I had one resupply during my hike, in Twin Lakes. This is a tiny village you can walk right through and it has a much-anticipated general store. They did have the Pepsi and ice cream bar I wanted! I picked up my box, sorted the new food into my pack, and headed out of town again. I was waylaid by the newly opened Punky's food cart which had gluten free burgers and fries. Couldn't resist though hiking on that pile of grease was not the best idea I've ever had.

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There is a very long walk around Twin Lakes after leaving the vortex of Pepsi and Punky's. (I will admit right here that I took the shortcut and I was seriously proud of myself for sussing it out... but I wasn't on a thru-hike. Had I been on a thru-hike I would have walked around the long way with everyone else.) On the far side of the lake is an historical site, Inter-Laken which was a resort in the late 1800s. It is being restored and one of the buildings is open to the public now. And I mean just open. You can visit. There is no one there making sure you don't steal the door knobs (so please don't--they are gorgeous).

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 A little evening weaving at a beautiful campsite overlooking Twin Lakes... and far enough away from the ghosties of Inter-Laken to be comfortable. Day 6.

A little evening weaving at a beautiful campsite overlooking Twin Lakes... and far enough away from the ghosties of Inter-Laken to be comfortable. Day 6.

 Good morning Twin Lakes!

Good morning Twin Lakes!

I didn't push myself too hard on this hike. It was vacation after all. But there was one day that felt monster. I left the shores of Twin Lakes and had over 8 miles to the Clear Creek Trailhead. From there it was only 6.4 miles to camp. But it was 3000 feet straight up and then 1200 feet straight down. I swear that climb went on forever. MONSTER was all I could say. I whimpered a little when I found a campsite under a bristlecone pine at the end of it. There were no Pepsis or ice cream bars and it was late and cold. But the morning view was amazing.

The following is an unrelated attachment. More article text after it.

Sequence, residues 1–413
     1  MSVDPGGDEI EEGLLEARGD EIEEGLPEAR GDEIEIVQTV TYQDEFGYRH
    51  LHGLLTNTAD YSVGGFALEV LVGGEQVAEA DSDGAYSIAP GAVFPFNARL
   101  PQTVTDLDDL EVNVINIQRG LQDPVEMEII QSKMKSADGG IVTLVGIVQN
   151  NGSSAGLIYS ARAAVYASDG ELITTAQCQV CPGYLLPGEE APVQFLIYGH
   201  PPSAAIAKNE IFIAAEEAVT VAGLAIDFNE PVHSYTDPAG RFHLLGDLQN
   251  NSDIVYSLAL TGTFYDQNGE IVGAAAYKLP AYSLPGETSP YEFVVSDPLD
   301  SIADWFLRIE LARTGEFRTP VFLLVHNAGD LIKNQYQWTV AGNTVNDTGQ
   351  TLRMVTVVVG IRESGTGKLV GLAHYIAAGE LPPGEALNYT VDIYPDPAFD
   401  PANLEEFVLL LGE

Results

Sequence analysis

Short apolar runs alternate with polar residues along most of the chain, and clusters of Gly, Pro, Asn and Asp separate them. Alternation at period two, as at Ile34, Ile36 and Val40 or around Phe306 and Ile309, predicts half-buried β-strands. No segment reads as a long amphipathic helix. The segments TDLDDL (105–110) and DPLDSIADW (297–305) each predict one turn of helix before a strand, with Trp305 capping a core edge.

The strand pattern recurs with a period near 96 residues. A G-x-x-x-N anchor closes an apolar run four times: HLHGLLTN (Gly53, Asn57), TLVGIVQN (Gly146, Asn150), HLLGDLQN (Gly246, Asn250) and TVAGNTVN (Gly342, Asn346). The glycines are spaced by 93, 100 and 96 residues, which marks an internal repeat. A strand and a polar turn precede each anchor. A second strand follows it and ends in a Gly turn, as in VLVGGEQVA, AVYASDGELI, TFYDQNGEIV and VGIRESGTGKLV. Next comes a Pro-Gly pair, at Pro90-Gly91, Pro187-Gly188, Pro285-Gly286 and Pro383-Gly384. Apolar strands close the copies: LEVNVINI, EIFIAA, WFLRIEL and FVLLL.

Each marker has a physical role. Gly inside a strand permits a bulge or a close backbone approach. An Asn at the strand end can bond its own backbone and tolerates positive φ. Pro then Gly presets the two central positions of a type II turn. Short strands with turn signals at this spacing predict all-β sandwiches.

After 8.8 miles, this is the bridge that signals the beginning of the monster 6 miles. I knew it was coming and I really just wanted to jump in that hammock.

After 8.8 miles, this is the bridge that signals the beginning of the monster 6 miles. I knew it was coming and I really just wanted to jump in that hammock.

 Top of 3000 feet. Realizing that the trail immediately heads straight back down 1200 feet to camp. Those are vertical feet folks... over about 6 miles. There were raspberries along the way for sustenance though. Day 7.

Top of 3000 feet. Realizing that the trail immediately heads straight back down 1200 feet to camp. Those are vertical feet folks... over about 6 miles. There were raspberries along the way for sustenance though. Day 7.

 Though the climb was hard, I survived to tell the tale. These were the bones of some other poor hiker. (just kidding. possibly elk)

Though the climb was hard, I survived to tell the tale. These were the bones of some other poor hiker. (just kidding. possibly elk)

I did camp under some huge bristlecone pines that night. Bristlecones are a protected tree and I don't see them all that often. These trees were massive by high-altitude standards and were likely thousands of years old. A good omen for a quiet night (best bear bag of the trip there too! Nice high branches).

 Bristlecone camp.

Bristlecone camp.

 Good morning view from bristlecone camp. Those are Mts. Oxford, Belford, and Missouri. 14,000 foot peaks every one. Day 8.

Good morning view from bristlecone camp. Those are Mts. Oxford, Belford, and Missouri. 14,000 foot peaks every one. Day 8.

 Found my new cabin while stopping to get some water. Just needs a roof and a solar panel.

Found my new cabin while stopping to get some water. Just needs a roof and a solar panel.

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 The mighty Mount Princeton from the saddle of Mount Yale.

The mighty Mount Princeton from the saddle of Mount Yale.

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What a great adventure.

I did some spinning. Some was roving that I carded at home and some was "combed" on the trail using a flick carder. I enjoyed blending colors and seeing what I could do with minimal equipment. I wove a tiny tapestry, but just one. I will continue the experiment on future hikes.